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Skip Navigation Linkswhat-does-world-health-day-mean-in-our-world What Does World Health Day Mean in Our World?

The World Health Organisation (WHO) was founded on 7 April 1948 – a date that is now celebrated yearly as World Health Day. WHO employs approximately 7 000 people in more than 150 countries. WHO selects a key global health issue every year and organises international, regional and local events on the day and throughout the year, to highlight the selected issue.

In 2021, it will be no different. WHO is focussing their theme on “Building a fairer, healthier world.” With the emphasis still on COVID-19, WHO is highlighting healthier lives and better access to health services.

It is a known fact that COVID-19 has hit all countries hard. Unfortunately, more so for some than others. The virus is still present in almost every part of the world, but the focus has slowly shifted from Asia to Europe and then America.

Number of newly confirmed COVID-19 cases in the last two weeks

Number of newly confirmed COVID-19 cases in the last two weeks
SOURCE: Johns Hopkins CSSE. Only countries with more than 300 000 citizens. Two-weeks cover the period 8 to 21 March 2021. Data updated on 24 March 2021.

The two-week infection rate is a useful indicator to identify where the situation is the worst at any given time.

New COVID-19 cases confirmed daily

New COVID-19 cases confirmed daily
SOURCE: Johns Hopkins CSSE. Line marks the seven days rolling average to avoid day-to-day anomalies. Data updated on 24 March 2021.

It is fair to state that the true number of cases everywhere is unknown. Only people who tested positive are counted, but many are either asymptomatic, or they are not badly affected and therefore, not tested. Testing data is not available for all the countries, and this is particularly the case in Africa. Also, the frequency in which countries update this information differs. It is unfortunately not a perfect world we live in.

Getting back to the focus of the 2021 World Health Day, we need to become more aware that things will never be the same and we need to up our hygiene game and help with this where possible.

In the eyes of WHO, our world is an unequal one and we cannot disagree. Some people are able to live a healthier life and have more access to certain health services, due to conditions that they are born in, work in and live in. The less fortunate and already vulnerable, on the other hand, are more exposed to diseases due to poor hygienic circumstances. They are less likely to have access to quality healthcare services and more likely to experience severe consequences.

Although WHO is looking at COVID-19 circumstances, this was not their only focus for their World Health Day theme in 2021. WHO is also keeping an eye on those with little daily income and poorer housing conditions – the unfortunate ones who experience greater gender inequality and those who have little or no access to clean water, food or safe environments.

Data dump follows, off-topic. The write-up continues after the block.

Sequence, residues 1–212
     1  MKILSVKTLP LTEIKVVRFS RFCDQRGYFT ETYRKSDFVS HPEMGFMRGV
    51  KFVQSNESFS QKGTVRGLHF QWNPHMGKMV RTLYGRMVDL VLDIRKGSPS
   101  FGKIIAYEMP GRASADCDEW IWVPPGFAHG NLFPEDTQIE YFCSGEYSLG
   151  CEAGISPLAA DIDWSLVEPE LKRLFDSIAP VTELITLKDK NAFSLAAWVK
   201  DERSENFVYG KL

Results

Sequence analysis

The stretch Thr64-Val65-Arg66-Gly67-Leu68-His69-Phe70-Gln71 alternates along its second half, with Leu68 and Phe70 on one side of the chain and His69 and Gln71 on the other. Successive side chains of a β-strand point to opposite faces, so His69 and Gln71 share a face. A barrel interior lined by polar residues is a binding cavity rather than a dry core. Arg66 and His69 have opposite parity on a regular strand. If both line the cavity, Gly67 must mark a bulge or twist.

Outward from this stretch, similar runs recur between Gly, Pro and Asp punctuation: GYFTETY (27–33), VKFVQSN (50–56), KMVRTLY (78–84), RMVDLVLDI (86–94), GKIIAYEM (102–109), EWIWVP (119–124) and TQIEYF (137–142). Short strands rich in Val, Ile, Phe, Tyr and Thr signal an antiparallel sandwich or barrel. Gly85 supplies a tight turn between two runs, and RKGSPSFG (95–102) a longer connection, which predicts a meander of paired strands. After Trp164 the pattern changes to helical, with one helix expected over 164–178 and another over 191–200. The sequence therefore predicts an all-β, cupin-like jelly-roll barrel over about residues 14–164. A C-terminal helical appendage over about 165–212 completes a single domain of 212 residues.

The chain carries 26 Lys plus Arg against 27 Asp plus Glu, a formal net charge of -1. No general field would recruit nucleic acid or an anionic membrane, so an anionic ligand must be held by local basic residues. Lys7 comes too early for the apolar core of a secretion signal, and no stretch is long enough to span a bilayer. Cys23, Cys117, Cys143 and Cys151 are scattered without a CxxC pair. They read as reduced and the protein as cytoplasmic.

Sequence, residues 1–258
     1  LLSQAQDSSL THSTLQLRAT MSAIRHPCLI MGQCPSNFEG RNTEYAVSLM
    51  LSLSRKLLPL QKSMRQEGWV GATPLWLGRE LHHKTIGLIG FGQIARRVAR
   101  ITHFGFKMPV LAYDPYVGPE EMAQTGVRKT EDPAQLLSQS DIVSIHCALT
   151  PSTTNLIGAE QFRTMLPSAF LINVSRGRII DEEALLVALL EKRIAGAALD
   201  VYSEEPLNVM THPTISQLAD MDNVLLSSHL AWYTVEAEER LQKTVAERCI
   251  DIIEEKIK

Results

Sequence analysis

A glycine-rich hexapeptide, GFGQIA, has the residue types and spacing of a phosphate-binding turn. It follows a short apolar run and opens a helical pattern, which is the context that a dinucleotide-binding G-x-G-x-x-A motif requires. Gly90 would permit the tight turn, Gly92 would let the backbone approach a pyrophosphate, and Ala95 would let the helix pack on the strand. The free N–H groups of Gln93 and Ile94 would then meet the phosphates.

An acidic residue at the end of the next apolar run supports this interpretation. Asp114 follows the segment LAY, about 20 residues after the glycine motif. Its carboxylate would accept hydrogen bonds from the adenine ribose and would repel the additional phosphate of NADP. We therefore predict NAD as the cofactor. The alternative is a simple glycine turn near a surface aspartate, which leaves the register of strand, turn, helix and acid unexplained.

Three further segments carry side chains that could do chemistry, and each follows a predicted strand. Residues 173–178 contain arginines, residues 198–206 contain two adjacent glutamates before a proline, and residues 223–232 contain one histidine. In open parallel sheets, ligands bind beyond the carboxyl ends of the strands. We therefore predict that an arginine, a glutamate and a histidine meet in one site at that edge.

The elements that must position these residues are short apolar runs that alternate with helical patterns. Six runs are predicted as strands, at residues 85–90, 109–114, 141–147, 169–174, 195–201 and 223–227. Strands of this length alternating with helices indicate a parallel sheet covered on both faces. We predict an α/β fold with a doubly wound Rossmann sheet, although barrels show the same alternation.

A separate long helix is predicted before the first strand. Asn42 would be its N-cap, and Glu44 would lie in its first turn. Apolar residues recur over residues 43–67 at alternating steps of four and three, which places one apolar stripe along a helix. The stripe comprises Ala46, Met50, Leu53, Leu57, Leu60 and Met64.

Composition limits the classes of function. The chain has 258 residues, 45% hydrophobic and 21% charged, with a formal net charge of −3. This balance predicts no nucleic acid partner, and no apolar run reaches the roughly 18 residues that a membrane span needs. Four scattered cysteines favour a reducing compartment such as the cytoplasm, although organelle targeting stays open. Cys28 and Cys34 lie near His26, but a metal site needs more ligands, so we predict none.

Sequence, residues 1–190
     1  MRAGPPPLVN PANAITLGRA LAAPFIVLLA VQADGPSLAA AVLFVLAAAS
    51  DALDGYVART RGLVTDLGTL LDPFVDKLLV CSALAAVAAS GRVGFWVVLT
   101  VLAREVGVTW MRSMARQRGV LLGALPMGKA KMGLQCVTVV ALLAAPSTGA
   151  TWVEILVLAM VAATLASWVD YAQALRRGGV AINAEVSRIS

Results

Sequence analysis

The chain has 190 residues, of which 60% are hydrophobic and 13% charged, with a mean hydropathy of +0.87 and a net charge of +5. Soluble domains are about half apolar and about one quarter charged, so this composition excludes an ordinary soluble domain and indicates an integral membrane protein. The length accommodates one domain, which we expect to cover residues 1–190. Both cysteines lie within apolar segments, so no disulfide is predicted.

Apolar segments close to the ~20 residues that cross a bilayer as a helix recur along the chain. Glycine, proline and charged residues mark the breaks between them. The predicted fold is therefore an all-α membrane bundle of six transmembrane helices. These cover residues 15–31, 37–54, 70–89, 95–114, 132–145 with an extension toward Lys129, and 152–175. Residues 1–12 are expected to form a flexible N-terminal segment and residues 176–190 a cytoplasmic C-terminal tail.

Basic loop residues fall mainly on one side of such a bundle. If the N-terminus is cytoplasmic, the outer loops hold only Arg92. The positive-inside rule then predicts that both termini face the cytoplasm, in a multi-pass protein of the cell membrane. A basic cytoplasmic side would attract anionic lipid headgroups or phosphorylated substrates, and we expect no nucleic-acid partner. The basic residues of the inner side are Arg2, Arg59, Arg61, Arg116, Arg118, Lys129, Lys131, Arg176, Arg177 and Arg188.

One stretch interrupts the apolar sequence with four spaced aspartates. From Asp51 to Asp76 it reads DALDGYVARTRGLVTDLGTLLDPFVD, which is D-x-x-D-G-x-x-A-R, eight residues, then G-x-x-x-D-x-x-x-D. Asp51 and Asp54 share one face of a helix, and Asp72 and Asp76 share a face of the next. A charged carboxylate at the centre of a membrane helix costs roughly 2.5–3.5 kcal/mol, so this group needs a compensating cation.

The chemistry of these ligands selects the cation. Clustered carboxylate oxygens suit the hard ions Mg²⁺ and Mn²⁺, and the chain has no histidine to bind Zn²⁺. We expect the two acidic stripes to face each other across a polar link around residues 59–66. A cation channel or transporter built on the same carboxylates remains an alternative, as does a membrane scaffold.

WHO advises that although the circumstances of these unfortunate communities are unfair, it is preventable and calls on all leaders to focus on providing better living and working conditions. They also encourage good health standards and access to quality health services.

As individuals, we are able to help the world by supporting World Health Day initiatives. We also need to consider and be thankful for what we have and give our support by keeping up with the fundamental COVID-19 rules, in other words washing our hands frequently, keeping safe distances, making sure we respect others in this battle and supporting those who are unable to or do not have access to clean water, hand sanitisers or facilities, by providing access or donating items to communities in need.

What does World Health Day mean in our “world”? We can overcome whatever life throws at us if we stand together as one and help those far less fortunate than ourselves.

Find out more on the WHO’s website.

28 April 2021 – World Day for Safety and Health at Work

A worldwide initiative

The World Day for Safety and Health at Work is celebrated annually on 28 April to promote the prevention of occupational accidents and diseases globally. It is an awareness-raising campaign intended to focus international attention on the magnitude of the problem and on how promoting and creating a safety and health culture can help reduce the number of work-related deaths and injuries.

Although this communication has been prepared with due care and in good faith, it provides information and opinions of a general nature. The interpretations and opinions are those of the authors and are subject to change without notice. Simeka Health accepts no liability or responsibility if any information is incorrect or for any loss or damage, including but not limited to, direct, indirect or consequential loss, that may arise from reliance on information contained herein. It does not constitute advice and should not be accepted as such and no part thereof should be relied upon without seeking appropriate professional advice. Simeka Health (Pty) Ltd is an authorised Financial Services Provider.



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